Editor’s Note: Clare MacMillen ’13 is in the Peace Corps, but was unable to be contacted for an interview because she is already abroad in Cameroon.
Before starting his first year at Macalester, in an application for Lives of Commitment, Jesse Yourish ’13 mentioned that one of his goals was to eventually join the Peace Corps.
Over four years later, his Sept. 24 departure for a 27-month stay in Mozambique will make that goal a reality. Yourish will be teaching math but won’t receive details—including official assignment, details of who he will be working with or where in the country he will be stationed— until he arrives.
“At graduation they returned our old [Lives of Commitment] applications and I said in mine that my goal was to do the Peace Corps, so I guess it’s been in my head for a long time now,” Yourish said. “I didn’t really think about it much while I was in school because I was just trying to soak everything in, but once senior year rolled around and I had to think about real life I decided it was time to seek out some discomfort … It seemed like the right balance of continuing an education but also giving something back.”
Anna French ’13, Yourish’s classmate, is also heading into the Peace Corps at the end of the month. She will be stationed in Senegal as an urban/peri-urban agriculture extension volunteer.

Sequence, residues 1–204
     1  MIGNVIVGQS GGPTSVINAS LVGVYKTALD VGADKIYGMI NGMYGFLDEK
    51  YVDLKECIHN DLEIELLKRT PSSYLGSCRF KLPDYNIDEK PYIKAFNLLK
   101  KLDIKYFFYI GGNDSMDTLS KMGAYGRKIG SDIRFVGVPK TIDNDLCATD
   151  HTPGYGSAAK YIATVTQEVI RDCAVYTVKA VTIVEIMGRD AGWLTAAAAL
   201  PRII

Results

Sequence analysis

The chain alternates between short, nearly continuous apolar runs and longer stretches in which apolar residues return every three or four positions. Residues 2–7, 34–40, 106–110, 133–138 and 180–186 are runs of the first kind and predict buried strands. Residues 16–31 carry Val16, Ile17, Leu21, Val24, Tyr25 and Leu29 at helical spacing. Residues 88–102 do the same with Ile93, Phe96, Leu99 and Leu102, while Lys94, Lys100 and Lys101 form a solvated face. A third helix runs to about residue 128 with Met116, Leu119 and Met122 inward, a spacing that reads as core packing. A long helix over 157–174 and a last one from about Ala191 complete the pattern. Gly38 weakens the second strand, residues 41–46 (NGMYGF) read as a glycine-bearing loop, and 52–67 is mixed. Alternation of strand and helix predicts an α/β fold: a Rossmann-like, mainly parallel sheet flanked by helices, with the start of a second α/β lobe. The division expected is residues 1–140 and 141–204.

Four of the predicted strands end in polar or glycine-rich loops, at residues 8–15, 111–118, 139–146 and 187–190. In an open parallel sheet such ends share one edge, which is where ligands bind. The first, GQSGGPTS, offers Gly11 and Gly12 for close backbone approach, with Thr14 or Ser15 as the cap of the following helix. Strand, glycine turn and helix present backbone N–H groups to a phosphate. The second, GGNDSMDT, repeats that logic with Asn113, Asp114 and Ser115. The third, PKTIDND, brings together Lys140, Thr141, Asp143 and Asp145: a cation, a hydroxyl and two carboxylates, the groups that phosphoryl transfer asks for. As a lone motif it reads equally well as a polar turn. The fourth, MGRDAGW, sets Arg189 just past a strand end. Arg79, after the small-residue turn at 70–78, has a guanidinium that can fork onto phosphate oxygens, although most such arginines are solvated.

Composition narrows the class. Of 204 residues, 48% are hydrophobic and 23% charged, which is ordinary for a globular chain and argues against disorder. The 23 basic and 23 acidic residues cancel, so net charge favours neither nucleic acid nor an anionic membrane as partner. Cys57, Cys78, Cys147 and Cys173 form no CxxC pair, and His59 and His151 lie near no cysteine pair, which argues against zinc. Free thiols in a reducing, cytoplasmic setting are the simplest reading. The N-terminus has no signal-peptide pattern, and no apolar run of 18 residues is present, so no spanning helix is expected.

“[My title is] basically a super bureaucratic or jargony way of saying that I’ll be working on urban agriculture projects and developing infrastructure for growing food in urban areas,” French said. French and Yourish both found applying to the Peace Corps to be an extension of the Macalester culture they absorbed over four years.
“I knew I wanted to live and work abroad after graduating, in some education or agriculture sector. I never studied abroad at Mac, because I knew when I lived abroad I wanted to be somewhere for longer than a semester’s length,” French said. “I looked at a bunch of different jobs for teaching or working on farms abroad. After a conversation with a friend’s parents who formerly worked for Peace Corps as Country Directors, they pretty much told me to apply to Peace Corps because the program experience encompasses pretty much everything I was describing that I wanted for post-grad plans.”
“As far as the general Mac experience goes, I think that being surrounded by so many people that spend so much time volunteering and being productive in society is inspiring with regards to giving back to communities and donating time and knowledge,” Yourish said. “My adviser Bill Moseley also did the Peace Corps, and I’ve always respected the way he thought about issues and his general mindset, so I think that reinforced my thinking that doing the Peace Corps could be a valuable experience.”
Geography department chair Bill Moseley served as an agricultural Peace Corps volunteer in a village of about 200 people in Mali. He left just two weeks after graduating college and through his experience “fell in love with agriculture and analyzing how people were managing their resources.”